AHA News: Study Highlights Heart-Health Issues for Adults Who Were Preemies
By Michael Merschel
American Heart Association News
MONDAY, Oct. 26, 2020 (American Heart Association News) -- Erin Wegener was a tiny baby facing enormous challenges.
Born at 29 weeks' gestation, she weighed only 1 pound, 14 ounces. Her first three months were lived in the neonatal intensive care unit. Family photos show her covered in gauze, sustained by too many tubes to count. Her entire hand just about fit inside her father's wedding ring.
Her parents were warned she could face a lifetime of mental and physical challenges. But today, she's working as a music therapist in the same hospital system in Grand Rapids, Michigan, where she was born.
The doctors' most dire warnings didn't come true, and her premature birth has never been much of a factor in her adult life. "I feel very thankful that I have not had a lot of health issues growing up," she said.
Wegener was born in 1985, just a few years before breakthroughs in treatment allowed many more extremely low birth weight babies to survive. As that wave of children enters adulthood, a new study is revealing details about possible risks to their heart health.
Research published Monday in the American Heart Association journal Hypertension compared cardiovascular health among two groups of Australians born in 1991 and 1992, as they turned 25 years old. The 165 participants in the first group were born extremely preterm (earlier than 28 weeks' gestation) or with an extremely low birth weight (below 2.2 pounds). The 127 participants in the second group were born at term and at normal weights.
Researchers looked at several factors related to heart health and calculated a cardiovascular health score for each person. Overall, the extremely premature/low birth weight group had a less favorable rating than the term-born group, specifically for blood pressure, exercise capacity, fasting blood glucose (a marker of diabetes) and visceral abdominal fat ("belly fat," which has been linked to heart disease, cancer and more).
It was known that people born early are prone to such problems, said the study's lead author Dr. Jeanie Cheong, a professor at the Royal Women's Hospital in Melbourne, Australia. But the new research sought to tie the risks together for an overall view, she said. "We looked at all these factors cumulatively, rather than individually, thus providing a holistic view to health."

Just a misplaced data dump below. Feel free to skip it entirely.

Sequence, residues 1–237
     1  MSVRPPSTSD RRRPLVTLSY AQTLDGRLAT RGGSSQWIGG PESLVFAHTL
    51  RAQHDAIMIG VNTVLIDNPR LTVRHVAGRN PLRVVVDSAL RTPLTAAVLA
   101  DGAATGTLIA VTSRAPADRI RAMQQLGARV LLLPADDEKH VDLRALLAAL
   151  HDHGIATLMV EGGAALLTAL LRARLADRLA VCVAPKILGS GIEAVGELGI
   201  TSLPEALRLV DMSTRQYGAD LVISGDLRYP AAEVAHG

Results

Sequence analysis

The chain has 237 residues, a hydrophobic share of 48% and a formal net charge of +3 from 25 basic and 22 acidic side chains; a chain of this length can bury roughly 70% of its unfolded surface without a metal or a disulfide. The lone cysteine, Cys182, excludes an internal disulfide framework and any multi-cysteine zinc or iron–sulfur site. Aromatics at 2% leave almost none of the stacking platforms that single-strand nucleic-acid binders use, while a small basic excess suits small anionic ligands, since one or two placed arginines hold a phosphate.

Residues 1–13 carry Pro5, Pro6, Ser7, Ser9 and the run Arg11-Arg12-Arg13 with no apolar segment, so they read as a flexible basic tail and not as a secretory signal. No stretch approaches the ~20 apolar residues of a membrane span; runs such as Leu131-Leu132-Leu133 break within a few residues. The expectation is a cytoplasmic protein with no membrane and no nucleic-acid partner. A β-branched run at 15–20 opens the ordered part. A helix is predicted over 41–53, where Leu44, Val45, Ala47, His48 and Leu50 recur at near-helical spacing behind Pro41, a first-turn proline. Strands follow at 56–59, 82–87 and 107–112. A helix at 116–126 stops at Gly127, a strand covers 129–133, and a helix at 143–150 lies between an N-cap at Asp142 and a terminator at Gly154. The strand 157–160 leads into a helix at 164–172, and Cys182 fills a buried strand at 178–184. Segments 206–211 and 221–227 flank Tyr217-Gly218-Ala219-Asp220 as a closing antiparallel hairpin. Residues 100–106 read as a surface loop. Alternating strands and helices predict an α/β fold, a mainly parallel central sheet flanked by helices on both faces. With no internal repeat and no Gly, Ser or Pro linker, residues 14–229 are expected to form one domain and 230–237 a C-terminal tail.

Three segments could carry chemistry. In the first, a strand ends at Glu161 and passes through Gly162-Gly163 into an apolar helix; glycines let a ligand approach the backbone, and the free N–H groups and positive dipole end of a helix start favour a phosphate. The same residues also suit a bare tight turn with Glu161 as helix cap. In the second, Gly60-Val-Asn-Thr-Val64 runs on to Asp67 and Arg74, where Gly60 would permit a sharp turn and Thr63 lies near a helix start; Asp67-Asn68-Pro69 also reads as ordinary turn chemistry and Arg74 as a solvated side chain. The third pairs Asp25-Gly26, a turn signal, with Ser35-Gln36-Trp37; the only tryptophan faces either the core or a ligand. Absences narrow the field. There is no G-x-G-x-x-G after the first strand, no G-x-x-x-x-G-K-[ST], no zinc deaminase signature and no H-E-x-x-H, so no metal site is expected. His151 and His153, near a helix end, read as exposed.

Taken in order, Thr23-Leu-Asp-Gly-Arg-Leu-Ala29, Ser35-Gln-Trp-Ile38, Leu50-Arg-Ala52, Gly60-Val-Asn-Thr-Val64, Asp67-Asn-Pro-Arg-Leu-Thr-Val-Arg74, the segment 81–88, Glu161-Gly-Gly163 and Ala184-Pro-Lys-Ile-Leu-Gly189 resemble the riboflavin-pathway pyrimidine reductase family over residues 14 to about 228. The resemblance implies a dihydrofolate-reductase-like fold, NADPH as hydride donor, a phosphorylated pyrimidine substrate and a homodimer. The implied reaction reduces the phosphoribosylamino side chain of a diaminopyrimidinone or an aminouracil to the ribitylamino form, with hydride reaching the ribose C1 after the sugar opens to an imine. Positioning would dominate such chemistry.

Her work is part of the ongoing Victorian Infant Collaborative Study, which has been monitoring a group of Australians since their birth in 1991 or 1992. That's the era when some treatments became widespread – such as corticosteroids for at-risk pregnant women to accelerate lung growth of babies in utero or using wetting-like agents called surfactants to treat immature lungs in premature babies.
Those treatments led to what Cheong called an exponential rise in survival over a short period for preemies. Before the 1970s, the survival rate of extremely preterm babies was below 10%, she said. By the early 1990s, that rate had soared to nearly 70%. It's now at 87%, according to a separate study published recently in BMJ Open that Cheong led.
But the new study confirms other investigations about preemies' long-term cardiovascular risk and adds details, said Dr. Anne Monique Nuyt, a professor of pediatrics at the University of Montreal and head of neonatology at CHU Sainte-Justine hospital in Montreal. She was not involved in the new research.
"It's one of the very first reports showing changes during adult years in individuals who were born very preterm." Because they evaluated the participants at age 18, researchers discovered, for example, that the preterm group gained more weight between 18 and 25 than the normal birth weight group.
Nuyt, co-leader of a separate long-term study of premature infants, said the new work also confirmed earlier findings of gender differences in preemies' future heart risks. Males scored worse for blood pressure, exercise tolerance and belly fat.
Cheong said the findings shouldn't worry individuals born early. But "it is even more important for them to have close health surveillance and adopt healthy lifestyle choices, something that we all should do regardless," she said.
The new study also showed the rate of smoking among former preemies is as high as in the general population, which Nuyt called worrisome. After all, many required oxygen right up until their parents took them home.
"We know smoking is very bad for the lungs. And it's very bad for the heart, and it's very bad for blood pressure. So if there's one group that should not at all smoke, it's these extremely low birth weight or extremely preterm individuals," said Nuyt, who co-wrote a review paper published recently in Hypertension that called for greater awareness of the links between premature birth and heart problems.
"All physicians, all health care providers should be asking their patients, 'Do you know your birth weight? Do you know whether you were born very tiny or very premature?'" she said.
Wegener, now 35, isn't aware of any heart issues. And as the mother of three – with another baby due in April – she's grateful for what she considers the miracle of her survival and long-term health. "I feel very fortunate."
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